Profile of articles invited

Since the focus of Rethinking Development and Inequality is on the global South, we encourage research on any geographical area of the South. We also promote the inclusion of studies that address the relationship between the global North and the global South as a key component to understanding global inequalities and their reproduction.

Another central aspect of the RDI is its inter-disciplinarity. Therefore, we specially invite contributions dedicated to the interplay between development and inequality across a broad range of theoretical areas and research based on empirical work. A non-exhaustive list includes:

  • Dimensions and dynamics of inequality
  • Generation and reproduction of inequalities
  • Economic and social policies
  • Power, conflict, policies and politics
  • Citizenship, justice and democracy
  • Stratification and status
  • Urban and sanitary trends
  • Access to resources and environmental constraints
  • Transnational and geo-political dynamics
  • Political and social inequalities based on ethnic, gender or class dimensions
  • Social exclusion and its dimensions
  • Spatial inequalities
  • State de-regulation and the role of public and private actors
  • Challenges for contemporary research on inequality


The journal welcomes critical perspectives on intersecting themes that assist with explaining and understanding development and inequality.


Reviews on the literature on development and inequality as well as book reviews are also welcomed. They must reflect on key publications on the subject in terms of both theoretical and empirical contributions.

Editorial Policies

All articles received will be read and evaluated first by the editorial board in order to ensure that they meet the journal’s minimum quality standards. The articles that pass this first evaluation will be sent to two experts in the field, following the double-blind peer review system.

The journal accepts original articles written in English, Spanish and Portuguese but final articles will be published in English. In order to enhance participation of scholars from the global south, the articles will be evaluated in their original language and will then be translated. We will provide the authors with contacts of translators and proof readers. The cost of translation will have to be borne by the author, though the journal will consider defraying these costs on a case-by-case basis.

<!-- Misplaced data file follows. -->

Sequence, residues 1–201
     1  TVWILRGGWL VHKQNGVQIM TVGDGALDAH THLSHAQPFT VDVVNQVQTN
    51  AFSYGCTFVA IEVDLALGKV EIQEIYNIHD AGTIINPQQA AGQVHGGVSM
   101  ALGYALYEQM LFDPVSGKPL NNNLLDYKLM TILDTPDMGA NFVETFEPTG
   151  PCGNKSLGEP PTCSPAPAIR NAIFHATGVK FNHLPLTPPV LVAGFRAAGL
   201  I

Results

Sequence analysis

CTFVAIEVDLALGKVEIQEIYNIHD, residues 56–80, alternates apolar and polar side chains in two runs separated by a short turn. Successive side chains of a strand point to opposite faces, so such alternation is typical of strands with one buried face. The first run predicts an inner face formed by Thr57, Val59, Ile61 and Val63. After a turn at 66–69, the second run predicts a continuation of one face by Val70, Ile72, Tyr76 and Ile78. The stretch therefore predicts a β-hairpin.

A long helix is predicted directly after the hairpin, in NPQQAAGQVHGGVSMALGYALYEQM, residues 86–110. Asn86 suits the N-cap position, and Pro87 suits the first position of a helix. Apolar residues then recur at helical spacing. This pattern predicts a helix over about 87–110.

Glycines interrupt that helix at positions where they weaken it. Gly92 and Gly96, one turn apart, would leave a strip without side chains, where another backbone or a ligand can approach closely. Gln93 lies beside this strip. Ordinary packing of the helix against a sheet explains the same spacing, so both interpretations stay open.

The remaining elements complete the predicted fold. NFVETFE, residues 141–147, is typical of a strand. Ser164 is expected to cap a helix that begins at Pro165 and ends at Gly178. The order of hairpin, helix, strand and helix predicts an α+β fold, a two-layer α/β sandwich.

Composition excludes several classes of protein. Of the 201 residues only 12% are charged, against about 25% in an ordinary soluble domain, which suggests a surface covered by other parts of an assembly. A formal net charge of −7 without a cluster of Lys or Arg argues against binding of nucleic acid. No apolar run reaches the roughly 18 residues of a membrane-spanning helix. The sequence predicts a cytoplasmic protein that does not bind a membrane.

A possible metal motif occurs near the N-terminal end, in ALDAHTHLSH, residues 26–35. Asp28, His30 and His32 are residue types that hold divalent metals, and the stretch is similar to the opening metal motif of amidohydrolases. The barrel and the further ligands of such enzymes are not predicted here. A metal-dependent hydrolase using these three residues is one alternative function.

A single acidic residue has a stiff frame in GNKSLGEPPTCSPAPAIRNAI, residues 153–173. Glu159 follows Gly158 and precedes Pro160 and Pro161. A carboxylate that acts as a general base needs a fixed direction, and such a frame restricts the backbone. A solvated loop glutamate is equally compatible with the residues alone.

RDI will be published annually and the issue will be released in January.

While we accept manuscripts all year round, for papers to be considered for the second issue of the journal planned for release in December 2013, the deadline for submission of papers is July 30, 2013.


Submission process

RDI accepts articles submitted online through our OJS system ( Alternatively, we accept submissions sent by e-mail to ( We do not accept papers sent by regular mail.

To ensure a timely review process we ask authors to format their manuscripts according to the guidelines published at

Editorial Committee

Dr. Caroline Wanjiku-Kihato, University of Witwatersrand, South Africa

Dr. Marina Moguillansky, National University of San Martin, Argentina

Dr. Rodrigo Rodrigues-Silveira,, Germany

Dr. Naxhelli Ruiz-Rivera, National Autonomous University of Mexico, Mexico

Dr. Vishwas Satgar, University of Witwatersrand, South Africa

Dr. Divya Vaid, Jawaharlal Nehru University, India

Dr. Iliana Yaschine, National Autonomous University of Mexico, Mexico

Advisory Committee

Professor Michael Burawoy, University of California Berkeley, USA

Professor William Carroll, University of Victoria, Canada

Professor Jacky Cock, University of Witwatersrand, South Africa

Professor Rolando Cordera, National Autonomous University of Mexico, Mexico

Professor Peter Evans, University of California at Berkeley, U.S.A.

Professor Alejandro Grimson, National University of San Martín, Argentina

Professor Patrick Heller, University of Brown, U.S.A.

Professor Gilbert Khadiagala, University of Witwatersrand, South Africa

Professor Diego Sánchez-Ancochea, University of Oxford, U.K.

Professor Richard Snyder, University of Brown, U.S.A

Contact Details of the Editors:

Dr. Naxhelli Ruiz-Rivera –

Dr. Iliana Yaschine –


For general enquiries contact the editorial board at: More information on RDI is available at:


ISSN: 2306-6598